Looking to learn how to can beer? Great news! It doesn’t actually take that much to get started. You can start canning beer at home with only a few pieces of equipment, or you can start a professional operation to can beer for your business.
So here’s how to create your own beer canning process that will ensure you retain flavor and maintain a proper fill level!
1. Ensuring Proper Sterilization
It is important to keep food safety in mind when canning. You want to ensure that no bacteria, fungi, or chemical contaminants find their way into your beer canning process. Be sure to clean all of your surfaces and equipment, and make sure your cans are properly sanitized, even if you just had them delivered.
2. Preventing Oxygen Pickup
The less oxygen that seeps into your beer canning process, the better. Oxygen will slowly degrade the ingredients of your beer over time, which impacts the flavor and makes it taste stale. If you or your customers are planning to crack open the can within a day or two, the flavor won’t be affected too much. But if it's going to be stored for a while, you need to minimize oxygen as much as you can.
You can use an airgun to gently blow carbon dioxide into the can and displace the oxygen inside before filling the can with beer. Because CO2 is heavier than oxygen, it will remain in the can until you fill it with beer. We say “gently blow” because if you spray it too fast, all your carbon dioxide will just shoot out of the can. Some beer guns even come with CO2 dispensers attached, so you can finish both jobs in one fell swoop.
3. Filling During the Beer Canning Process
Before filling your can, make sure that the beer is as cold as possible. This will help it retain carbonation and reduce foaming—which can cause a mess and make your beer flat. An extended tube off the end of your tap or a beer gun allows you to fill from the bottom, which also reduces foaming and prevents oxygen from getting into the can. You’ll want to fill right up to the neck of the can and then place your cap immediately—right on top of that foam.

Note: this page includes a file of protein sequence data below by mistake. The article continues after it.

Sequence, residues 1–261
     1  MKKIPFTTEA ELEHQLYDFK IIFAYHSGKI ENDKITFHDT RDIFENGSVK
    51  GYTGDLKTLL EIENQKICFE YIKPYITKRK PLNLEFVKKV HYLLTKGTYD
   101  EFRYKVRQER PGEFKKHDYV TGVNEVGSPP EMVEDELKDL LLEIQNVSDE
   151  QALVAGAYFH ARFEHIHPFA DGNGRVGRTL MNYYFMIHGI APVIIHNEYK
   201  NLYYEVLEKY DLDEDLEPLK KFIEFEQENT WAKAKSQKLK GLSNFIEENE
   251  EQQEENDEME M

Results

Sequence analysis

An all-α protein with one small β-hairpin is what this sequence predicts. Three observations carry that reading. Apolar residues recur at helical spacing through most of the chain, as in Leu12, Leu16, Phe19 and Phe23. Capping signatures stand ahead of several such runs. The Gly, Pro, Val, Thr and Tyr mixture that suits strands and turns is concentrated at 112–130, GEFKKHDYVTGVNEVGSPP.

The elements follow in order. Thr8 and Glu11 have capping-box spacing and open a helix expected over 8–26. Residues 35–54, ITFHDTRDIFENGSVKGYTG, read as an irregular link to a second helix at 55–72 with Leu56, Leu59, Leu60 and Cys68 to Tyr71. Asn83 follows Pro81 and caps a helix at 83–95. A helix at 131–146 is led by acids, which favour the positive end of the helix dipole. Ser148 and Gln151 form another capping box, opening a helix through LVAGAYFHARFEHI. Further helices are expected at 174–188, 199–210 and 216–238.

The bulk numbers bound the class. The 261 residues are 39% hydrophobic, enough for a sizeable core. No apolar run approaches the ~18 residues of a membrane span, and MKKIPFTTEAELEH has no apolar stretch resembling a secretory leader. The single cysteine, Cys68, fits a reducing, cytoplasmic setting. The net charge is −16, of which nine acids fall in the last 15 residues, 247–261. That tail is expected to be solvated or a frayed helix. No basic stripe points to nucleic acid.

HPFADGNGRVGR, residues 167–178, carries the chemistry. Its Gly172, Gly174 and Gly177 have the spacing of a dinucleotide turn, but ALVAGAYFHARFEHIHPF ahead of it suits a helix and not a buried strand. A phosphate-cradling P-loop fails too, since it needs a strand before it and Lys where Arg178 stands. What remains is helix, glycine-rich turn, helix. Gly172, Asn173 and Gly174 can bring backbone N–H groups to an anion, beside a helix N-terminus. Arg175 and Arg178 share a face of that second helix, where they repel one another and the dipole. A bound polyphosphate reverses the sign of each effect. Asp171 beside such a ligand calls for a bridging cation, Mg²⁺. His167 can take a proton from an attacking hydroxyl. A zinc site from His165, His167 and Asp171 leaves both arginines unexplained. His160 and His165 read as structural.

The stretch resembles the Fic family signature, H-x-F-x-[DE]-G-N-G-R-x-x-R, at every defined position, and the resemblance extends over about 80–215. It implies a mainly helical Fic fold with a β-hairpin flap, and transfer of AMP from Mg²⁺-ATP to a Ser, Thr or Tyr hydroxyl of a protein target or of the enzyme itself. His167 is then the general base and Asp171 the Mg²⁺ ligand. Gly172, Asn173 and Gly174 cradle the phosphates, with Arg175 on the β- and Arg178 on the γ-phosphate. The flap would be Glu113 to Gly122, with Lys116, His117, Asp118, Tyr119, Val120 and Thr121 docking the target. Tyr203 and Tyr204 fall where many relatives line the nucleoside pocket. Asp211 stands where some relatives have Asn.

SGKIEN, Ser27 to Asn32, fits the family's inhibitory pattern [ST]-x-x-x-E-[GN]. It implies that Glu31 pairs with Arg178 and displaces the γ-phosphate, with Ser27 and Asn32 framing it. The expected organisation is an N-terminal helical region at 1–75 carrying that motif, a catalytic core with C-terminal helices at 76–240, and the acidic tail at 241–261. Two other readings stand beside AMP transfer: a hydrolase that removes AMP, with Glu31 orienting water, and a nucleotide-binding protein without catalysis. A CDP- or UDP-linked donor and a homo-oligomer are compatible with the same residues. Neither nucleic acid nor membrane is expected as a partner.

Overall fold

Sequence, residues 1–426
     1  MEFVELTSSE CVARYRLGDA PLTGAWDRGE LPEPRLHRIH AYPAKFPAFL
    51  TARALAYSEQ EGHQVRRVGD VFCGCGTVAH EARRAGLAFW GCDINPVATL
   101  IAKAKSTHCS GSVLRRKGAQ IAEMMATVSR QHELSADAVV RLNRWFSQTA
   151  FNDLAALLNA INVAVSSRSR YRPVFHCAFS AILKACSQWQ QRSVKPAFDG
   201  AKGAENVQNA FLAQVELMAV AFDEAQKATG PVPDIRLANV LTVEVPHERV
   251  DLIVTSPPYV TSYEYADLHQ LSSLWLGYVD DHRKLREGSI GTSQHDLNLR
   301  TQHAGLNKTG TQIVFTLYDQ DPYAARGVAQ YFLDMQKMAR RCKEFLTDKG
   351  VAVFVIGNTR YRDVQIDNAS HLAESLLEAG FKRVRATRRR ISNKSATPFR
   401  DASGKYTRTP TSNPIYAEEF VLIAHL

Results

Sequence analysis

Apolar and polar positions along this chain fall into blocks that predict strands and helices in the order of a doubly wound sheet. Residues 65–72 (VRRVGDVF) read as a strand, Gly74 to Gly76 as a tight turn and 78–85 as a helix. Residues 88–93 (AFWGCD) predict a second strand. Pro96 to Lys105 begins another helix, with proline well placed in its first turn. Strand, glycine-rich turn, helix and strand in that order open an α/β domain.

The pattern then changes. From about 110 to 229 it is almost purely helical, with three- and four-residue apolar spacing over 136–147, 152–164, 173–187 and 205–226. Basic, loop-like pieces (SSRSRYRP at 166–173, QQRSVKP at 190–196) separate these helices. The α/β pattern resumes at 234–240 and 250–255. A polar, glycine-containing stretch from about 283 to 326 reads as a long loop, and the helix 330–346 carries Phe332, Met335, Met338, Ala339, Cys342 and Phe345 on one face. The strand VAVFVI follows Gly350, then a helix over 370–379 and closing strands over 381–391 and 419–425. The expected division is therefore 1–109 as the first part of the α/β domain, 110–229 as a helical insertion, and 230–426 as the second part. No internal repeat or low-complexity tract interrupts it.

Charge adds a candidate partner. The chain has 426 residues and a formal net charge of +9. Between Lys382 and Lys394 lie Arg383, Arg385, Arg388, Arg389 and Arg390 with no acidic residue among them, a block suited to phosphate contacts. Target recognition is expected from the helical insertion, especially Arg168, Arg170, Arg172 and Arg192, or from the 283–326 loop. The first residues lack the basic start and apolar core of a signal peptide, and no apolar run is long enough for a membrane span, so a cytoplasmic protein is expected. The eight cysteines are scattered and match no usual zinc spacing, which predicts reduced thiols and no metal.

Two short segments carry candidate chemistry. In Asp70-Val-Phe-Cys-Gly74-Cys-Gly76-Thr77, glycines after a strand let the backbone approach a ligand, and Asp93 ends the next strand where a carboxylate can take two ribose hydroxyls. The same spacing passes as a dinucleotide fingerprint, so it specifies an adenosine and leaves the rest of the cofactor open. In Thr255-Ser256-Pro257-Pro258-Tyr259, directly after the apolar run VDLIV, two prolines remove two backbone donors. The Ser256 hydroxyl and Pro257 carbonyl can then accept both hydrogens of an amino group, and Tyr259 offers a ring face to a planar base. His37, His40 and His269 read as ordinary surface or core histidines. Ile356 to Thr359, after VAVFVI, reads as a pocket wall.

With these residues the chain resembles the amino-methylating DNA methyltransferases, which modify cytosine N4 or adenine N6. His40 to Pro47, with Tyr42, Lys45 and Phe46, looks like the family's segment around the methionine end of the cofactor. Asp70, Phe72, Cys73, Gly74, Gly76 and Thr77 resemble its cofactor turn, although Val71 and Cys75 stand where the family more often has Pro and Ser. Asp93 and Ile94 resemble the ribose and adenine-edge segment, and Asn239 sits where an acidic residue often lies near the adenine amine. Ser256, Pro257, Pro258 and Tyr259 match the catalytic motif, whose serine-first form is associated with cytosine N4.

If you want to be sure that you’re filling the cans with the right amount, you can use a scale or drop them into a bucket of water. Cans that sink may be a little too full, but cans that float easily have too much air. For the right balance, you want the top of the can to bob just at the water line.
4. Seaming Securely with Your Beer Canning System
Now we come to the finale of the beer canning process. Creating a tight seam will prevent air from leaking out of the can, ensuring that it retains flavor while keeping bacteria out. And to do that, you’ll need a high-quality, reliable can seamer. Every seamer works a bit differently, but the process is pretty straightforward and should only take a few seconds per can.
In order to make sure that your machine is calibrated correctly, and the seams are within recommended specs, use a pair of calipers to measure the seam. You can also use a tear-down tool to remove the inner seam and measure that with calipers as well.
5. Keeping the Beer Canning Machine Clean
Just as you need to ensure that your canning space is clean, you’ll also need to make sure your beer canning equipment is clean as well. Be sure to regularly sterilize any tools you’re using, both inside and out. Just because they look clean on the outside, doesn’t mean that there can’t be material and bacteria building up on the inside. We recommend fully cleaning your equipment inside and out after every use. Wipe down your canning machine with a warm, wet rag and regrease the moving components before using it again.